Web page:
There you have it, my dear philosopher: that is where I stand right now. Except for me deceiving myself — and should that happen getting a rap on the knuckles from you — this is what I submit to in good faith while awaiting my revenge [en attendant ma revanche]. I should tell you in passing that this also seems to be the mood of the French working class. Our proletariat has a great thirst for science, which would be very poorly served if you only brought them blood to drink. In short, to my mind it would be terrible politics to talk like killers [exterminateurs]. The usual methods will suffice; the people do not need any exhortation for that.
I am very sorry for these petty divisions which, it seems, still exist in German socialism and which your complaints to me about M. Grun prove. I am afraid that you have seen this author in a poor light. My dear Marx, I want to set things straight. Grun has found himself exiled with no money, a wife and two children, and no means of making a living except by his pen. How else do you want him to make a living if not by modern ideas? I understand your philosophical ire and I admit that the quest for the ultimate truth [sainte parole] of humankind should not be underhand, but I see here only misfortune and extreme necessity and I excuse the man. Oh! If we were all millionaires, things would be easier. We would be saints and angels. It is simple, we have to live. You know that that word does not yet express the idea of a pure society — far from it. Living means buying your bread, wood, meat, paying the landlord, and, by Jove!, he who sells social ideas is no more unworthy than he who sells a sermon. I am completely unaware that Grun had made himself out to be my tutor: tutor of what? I stick to political economy, things he knows nothing about. I look on literature as a little girl’s toy, and as for philosophy, I know enough to have the right to be poked fun at myself on occasion. Grun has said nothing about it to me at all. If he did say that, he was being impertinent and I am sure he apologises.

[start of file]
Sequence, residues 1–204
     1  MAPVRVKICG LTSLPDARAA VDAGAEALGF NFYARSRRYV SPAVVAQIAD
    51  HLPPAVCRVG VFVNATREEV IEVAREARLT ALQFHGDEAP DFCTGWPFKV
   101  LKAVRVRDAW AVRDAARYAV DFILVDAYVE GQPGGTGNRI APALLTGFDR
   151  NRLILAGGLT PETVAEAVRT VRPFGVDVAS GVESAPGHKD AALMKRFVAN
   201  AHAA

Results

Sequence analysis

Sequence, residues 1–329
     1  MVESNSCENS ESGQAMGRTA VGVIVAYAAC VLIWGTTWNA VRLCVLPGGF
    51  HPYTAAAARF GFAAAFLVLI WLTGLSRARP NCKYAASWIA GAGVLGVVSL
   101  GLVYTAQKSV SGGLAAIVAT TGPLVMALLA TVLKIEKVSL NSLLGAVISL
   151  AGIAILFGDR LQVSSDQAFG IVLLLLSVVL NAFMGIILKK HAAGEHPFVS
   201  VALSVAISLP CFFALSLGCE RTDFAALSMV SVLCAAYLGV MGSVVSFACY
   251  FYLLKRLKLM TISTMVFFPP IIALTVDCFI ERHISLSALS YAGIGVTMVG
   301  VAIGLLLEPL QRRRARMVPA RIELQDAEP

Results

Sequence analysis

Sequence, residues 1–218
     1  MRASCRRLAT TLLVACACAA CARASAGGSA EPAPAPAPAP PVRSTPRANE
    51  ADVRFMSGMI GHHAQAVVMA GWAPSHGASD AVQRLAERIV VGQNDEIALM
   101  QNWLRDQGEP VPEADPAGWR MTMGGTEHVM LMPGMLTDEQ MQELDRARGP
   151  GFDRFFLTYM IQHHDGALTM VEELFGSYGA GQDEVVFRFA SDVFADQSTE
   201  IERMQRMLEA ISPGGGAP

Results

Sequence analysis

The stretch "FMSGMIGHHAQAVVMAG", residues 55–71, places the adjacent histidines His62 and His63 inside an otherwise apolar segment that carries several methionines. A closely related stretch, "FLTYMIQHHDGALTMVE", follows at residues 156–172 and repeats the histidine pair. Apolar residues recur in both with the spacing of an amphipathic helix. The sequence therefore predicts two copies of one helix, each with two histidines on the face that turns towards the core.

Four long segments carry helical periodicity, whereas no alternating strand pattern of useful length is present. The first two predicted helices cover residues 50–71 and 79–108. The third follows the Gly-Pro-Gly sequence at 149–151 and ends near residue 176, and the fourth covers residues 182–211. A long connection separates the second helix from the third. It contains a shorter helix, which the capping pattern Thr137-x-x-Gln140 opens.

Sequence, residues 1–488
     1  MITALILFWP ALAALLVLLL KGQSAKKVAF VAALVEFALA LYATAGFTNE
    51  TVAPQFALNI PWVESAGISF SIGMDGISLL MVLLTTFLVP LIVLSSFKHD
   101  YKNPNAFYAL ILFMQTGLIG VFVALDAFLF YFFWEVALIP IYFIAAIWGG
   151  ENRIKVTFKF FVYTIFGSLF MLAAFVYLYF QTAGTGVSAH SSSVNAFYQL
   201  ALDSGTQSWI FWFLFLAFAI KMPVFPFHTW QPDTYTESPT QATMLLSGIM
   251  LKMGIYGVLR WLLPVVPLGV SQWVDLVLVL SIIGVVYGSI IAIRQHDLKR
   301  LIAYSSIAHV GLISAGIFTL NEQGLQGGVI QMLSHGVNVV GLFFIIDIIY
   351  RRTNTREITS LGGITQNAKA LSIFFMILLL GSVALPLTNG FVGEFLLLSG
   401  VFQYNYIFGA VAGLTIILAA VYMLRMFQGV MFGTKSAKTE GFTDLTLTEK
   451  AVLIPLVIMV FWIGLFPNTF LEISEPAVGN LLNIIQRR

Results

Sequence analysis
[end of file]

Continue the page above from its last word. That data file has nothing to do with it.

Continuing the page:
What I do know and what I do value more than what I blame for a bit of conceit is that I owe to M. Grun and his friend Ewerbeck the acquaintance I have with your own writings, my dear M. Marx, those of M. Engels and that very important book by Feuerbach. They have kindly undertaken some analysis for me in French (I unfortunately cannot read German) of the most important socialist publications, and it is because of a suggestion of theirs that I include (besides what I had done by myself) in my next book mention of the works of MM. Marx, Engels, Feuerbach, etc. Finally Grun and Ewerbeck are working to keep the sacred fire [feu sacré] going in the German émigrés who live in Paris, and the respect that they have for the workers they are talking to assures me of the honesty of their intentions.
I hope to see you, my dear Marx, come back from a hasty judgement made in a moment of irritation, just because you were angry when you wrote to me. Grun has indicated to me his desire to translate my latest book. He can only do this with some help. I would be obliged to you and your friends if you lent your assistance on this occasion, by contributing towards the sale of a book, which would be a great benefit to me.
If you wanted to give me assurance of your help, my dear M. Marx, I would very shortly send my proofs to M. Grun, and I think that, in spite of your personal grievances, which I do not want to judge, this conduct would honour us all.
Yours very devotedly,
 Saint Bartholomew’s Night refers to the massacre in 1572 of thousands of Huguenot Protestants by French Catholics. (Translator)
 A reference to Proudhon’s System of Economic Contradictions. (Editor)
 Marx in his letter to Proudhon warned Proudhon that Grun had poked fun at him in his book on the French socialists and that Grun had also made erroneous claims that he had tutored him. (Translator)